World Gazes At Total Lunar Eclipse, Longest Of This Century

World Gazes At Total Lunar Eclipse, Longest Of This Century

World Gazes At Total Lunar Eclipse, Longest Of This Century

Skywatchers around the world have witnessed the longest "blood moon" eclipse of the 21st Century. It will also have astronomers on hand to offer commentary on the history and science of lunar eclipses on Facebook Live. According to CNN, the totality of the eclipse will last around an hour and 43 minutes, with the entire time the moon is at least partially in the Earth's shadow being around four hours. That means the planet and the sun will be on exact opposite sides of the Earth and will shine its best.

The total Lunar Eclipse began in Australia and Indonesia, and it moved across the globe.

Views of the event in Switzerland - which could, unlike a solar eclipse, safely be made without special glasses - were somewhat less spectacular than in other parts of the world, with cloudy skies interfering with optimal viewing in Lausanne and Bern. Unfortunately for anyone in the USA, the eclipse will not be visible.

The reddish appearance of the lunar surface - the moon's image does not vanish entirely during an eclipse - is due to rays of sunlight passing through Earth's atmosphere as the moon falls into our planet's shadow. "Bloody" referred to the moon during the Eclipse.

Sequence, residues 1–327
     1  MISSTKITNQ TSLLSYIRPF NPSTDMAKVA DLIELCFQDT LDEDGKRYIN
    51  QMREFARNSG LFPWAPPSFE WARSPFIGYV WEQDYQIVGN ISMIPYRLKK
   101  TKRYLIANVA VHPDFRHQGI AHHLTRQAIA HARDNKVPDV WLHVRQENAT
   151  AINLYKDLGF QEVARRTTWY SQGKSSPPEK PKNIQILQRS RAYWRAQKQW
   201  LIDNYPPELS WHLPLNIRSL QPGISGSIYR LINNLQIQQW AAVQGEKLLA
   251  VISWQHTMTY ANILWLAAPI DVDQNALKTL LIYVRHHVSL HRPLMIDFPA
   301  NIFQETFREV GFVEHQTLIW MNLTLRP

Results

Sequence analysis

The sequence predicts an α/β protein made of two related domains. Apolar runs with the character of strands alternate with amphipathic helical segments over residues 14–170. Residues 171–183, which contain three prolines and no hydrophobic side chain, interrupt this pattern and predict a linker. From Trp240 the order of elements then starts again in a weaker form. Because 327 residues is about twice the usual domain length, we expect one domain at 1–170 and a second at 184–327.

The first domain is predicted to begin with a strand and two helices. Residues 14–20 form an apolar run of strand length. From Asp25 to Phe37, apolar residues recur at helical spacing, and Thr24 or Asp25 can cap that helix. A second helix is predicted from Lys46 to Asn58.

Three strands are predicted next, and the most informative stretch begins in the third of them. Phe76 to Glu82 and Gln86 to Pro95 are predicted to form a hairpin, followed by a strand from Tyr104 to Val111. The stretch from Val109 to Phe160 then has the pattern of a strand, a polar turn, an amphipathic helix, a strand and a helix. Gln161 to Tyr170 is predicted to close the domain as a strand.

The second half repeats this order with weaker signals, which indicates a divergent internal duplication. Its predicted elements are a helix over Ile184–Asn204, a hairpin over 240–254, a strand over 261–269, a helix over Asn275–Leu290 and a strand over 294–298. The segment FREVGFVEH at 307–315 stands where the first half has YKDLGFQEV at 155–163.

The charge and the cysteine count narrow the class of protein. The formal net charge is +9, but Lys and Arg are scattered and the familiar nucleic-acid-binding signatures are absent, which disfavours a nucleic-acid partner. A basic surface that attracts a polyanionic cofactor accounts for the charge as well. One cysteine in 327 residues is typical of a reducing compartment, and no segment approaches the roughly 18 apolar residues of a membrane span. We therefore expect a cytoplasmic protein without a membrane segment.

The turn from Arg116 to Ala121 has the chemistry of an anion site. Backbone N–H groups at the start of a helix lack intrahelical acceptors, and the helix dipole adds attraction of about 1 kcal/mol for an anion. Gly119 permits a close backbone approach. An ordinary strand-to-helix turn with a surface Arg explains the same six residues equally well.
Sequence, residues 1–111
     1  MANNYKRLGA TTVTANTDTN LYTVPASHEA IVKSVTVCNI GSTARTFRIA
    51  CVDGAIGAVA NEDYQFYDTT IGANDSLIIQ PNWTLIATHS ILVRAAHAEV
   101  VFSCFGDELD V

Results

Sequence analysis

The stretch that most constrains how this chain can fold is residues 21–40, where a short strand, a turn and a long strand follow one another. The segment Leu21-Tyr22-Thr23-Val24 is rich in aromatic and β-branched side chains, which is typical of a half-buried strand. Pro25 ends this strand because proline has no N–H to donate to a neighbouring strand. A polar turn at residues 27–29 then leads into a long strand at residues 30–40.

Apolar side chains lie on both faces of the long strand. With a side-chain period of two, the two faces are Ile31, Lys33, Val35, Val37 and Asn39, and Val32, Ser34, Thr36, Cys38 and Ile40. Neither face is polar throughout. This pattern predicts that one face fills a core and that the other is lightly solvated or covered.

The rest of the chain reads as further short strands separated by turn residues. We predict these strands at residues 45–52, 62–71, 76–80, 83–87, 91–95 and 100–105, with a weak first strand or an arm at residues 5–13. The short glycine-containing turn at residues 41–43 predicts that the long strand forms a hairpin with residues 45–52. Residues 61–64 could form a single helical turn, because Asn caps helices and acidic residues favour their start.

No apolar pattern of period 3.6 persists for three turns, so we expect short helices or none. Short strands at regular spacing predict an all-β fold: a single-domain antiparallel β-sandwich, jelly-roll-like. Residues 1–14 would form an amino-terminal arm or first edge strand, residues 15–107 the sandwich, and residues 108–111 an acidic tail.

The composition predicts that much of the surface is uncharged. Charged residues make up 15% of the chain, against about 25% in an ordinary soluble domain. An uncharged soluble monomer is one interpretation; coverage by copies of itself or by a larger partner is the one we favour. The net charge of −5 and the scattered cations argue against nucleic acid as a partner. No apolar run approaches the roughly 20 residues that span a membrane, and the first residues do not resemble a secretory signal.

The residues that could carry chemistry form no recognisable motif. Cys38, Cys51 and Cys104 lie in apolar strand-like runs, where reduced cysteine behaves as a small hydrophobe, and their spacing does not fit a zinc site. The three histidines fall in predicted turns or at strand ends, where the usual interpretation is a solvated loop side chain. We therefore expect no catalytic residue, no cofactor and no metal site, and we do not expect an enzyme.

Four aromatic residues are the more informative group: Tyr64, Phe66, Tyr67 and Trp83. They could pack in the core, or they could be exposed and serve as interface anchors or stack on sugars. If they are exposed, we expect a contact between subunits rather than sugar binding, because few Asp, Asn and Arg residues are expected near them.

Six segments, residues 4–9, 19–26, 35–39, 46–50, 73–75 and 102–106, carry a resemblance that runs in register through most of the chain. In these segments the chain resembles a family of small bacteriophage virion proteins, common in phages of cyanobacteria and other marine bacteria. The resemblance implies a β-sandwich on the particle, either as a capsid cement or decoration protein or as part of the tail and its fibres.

The blood moon cometh!

North America missed out on Friday's lunar eclipse but can look forward to the next one on January 21, 2019, according to NASA.

In Britain, for example, the lunar eclipse will last throughout the evening, beginning when the moon rises at 8:50 p.m. local time. Although the lunar eclipse will be visible in all major land areas except North and Central America, the totality will be visible in India, the Middle East, parts of central Asia and eastern and southern Africa.

During this total eclipse, the Moon - earth's natural satellite - will turn striking shade of red.

If you missed the trilogy of supermoons earlier this year, the Lunar eclipse, the longest of the 21st century, set to occur on Friday, will offer you a rare celestial treat. Just before the lunar eclipse event, the moon will reach its apogee, its farthest point from Earth. The next to last as long will occur on June 9, 2123.

The moon was in ideal alignment with the sun and Earth on Friday, with the moon on the opposite side of the Earth from the sun.

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